Using cards.dll API

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The aim of this article is to describe exactly how to use cards.dll, the dynamic link library that has shipped with all versions of windows since version 3.0. This library contains all of the playing card bitmapped images that games such as Windows Solitare use to display their graphics.

There are actually two versions of cards.dll. The Windows 95 series of operating systems (this includes Windows 98 and Windows ME) use the original 16bit version which shipped way back with Windows 3.0. Obviously there are going to be problems using this 16bit DLL from your 32bit application, but I will come on to that later. The second version is a 32bit DLL, and ships with the Windows NT series (Windows NT, Windows 2000 etc). I will explain how to use this version first. 

Exported functions from cards.dll

Cards.dll exports five functions which your program can use to draw card images. These functions are the the only interface that cards.dll provides to draw cards. Note that these functions never let you have access to the bitmaps; rather, you supply a device context and the card functions draw the card bitmaps for you. Here is a description of each function, and its prototype.


BOOL WINAPI cdtInit (int *width, int *height)

Initializes the cards.dll library for your application. You must supply the addresses of two variables, in which cards.dll stores the width and height (in pixels) of a card.


BOOL WINAPI cdtDraw (HDC hdc, int x, int y, int card, int type, DWORD color)

Draws a card at position x , y on the device context hdc. The type parameter controls whether the front, the back, or the inverted front of the card is drawn.

The card parameter controls which card is drawn. This parameter is dependent on the value of type. If a card face is to be drawn (type is 0 or 2), then card must be a value from 0 through 51 to represent each card. If type specifies that a card back is to be drawn (type is 1), then card must be a value from 53 to 68 (inclusive), to represent one of the 16 possible card backs.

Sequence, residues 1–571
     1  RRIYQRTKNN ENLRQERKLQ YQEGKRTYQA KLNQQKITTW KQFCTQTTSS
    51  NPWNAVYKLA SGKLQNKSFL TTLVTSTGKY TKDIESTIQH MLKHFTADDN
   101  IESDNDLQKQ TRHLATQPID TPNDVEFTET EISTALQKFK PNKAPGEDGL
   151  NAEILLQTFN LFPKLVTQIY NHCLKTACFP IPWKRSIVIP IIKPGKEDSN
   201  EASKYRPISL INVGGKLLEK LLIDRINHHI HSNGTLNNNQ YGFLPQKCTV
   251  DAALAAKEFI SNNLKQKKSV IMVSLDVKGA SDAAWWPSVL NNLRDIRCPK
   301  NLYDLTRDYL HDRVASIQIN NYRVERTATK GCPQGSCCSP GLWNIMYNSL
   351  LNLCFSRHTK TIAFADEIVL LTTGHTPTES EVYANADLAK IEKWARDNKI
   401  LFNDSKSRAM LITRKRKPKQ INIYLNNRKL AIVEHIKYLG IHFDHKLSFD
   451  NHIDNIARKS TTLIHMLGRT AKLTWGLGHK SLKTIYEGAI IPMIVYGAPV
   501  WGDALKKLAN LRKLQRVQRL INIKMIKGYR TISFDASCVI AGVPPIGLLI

The card faces are organised in increasing order. That is, the aces come first, then the two’s and so on. In each group, the cards are ordered by suit. The order is clubs, diamons, hearts, spades. This pattern is repeated as the card values increase.

You can use the following values to represent each card suit.

#define ecsCLUBS 0
#define ecsDIAMONDS 1
#define ecsHEARTS 2
#define ecsSPADES 3

To calculate the value of card given a suit (0-3) and a face value (0-13, 0 being aces, 13 being kings), you can use this simple formula:

card = suit + face * 4

Here is a list of the 16 possible card backgrounds that you can use in your code.

#define ecbCROSSHATCH 53
#define ecbWEAVE1 54
#define ecbWEAVE2 55
#define ecbROBOT 56
#define ecbFLOWERS 57
#define ecbVINE1 58
#define ecbVINE2 59
#define ecbFISH1 60
#define ecbFISH2 61
#define ecbSHELLS 62
#define ecbCASTLE 63
#define ecbISLAND 64
#define ecbCARDHAND 65
#define ecbUNUSED 66
#define ecbTHE_X 67
#define ecbTHE_O 68

Lastly, the color parameter sets the background color for the ecbCrossHatch card back, which uses a pattern drawn with lines. All the other backs and fronts are bitmaps, so color has no effect.


BOOL WINAPI cdtDrawExt (HDC hdc, int x, int y, int dx, int dy, 
    int card, int suit, DWORD color)

This procedure is the same as cdtDraw except that you specify the dx and dy parameters to indicate the size of the card. The card bitmaps are stretched or compressed to the specified size.


BOOL WINAPI cdtAnimate (HDC hdc, int cardback, int x, int y, int frame)

This function animates the backs of cards by overlaying part of the card back with an alternative bitmap. It creates effects: blinking lights on the robot, the sun donning sunglasses, bats flying across the castle, and a card sliding out of a sleeve. The function works only for cards of normal size drawn with cdtDraw. To draw each state, start with frame set to 0 and increment through until cdtAnimate returns 0.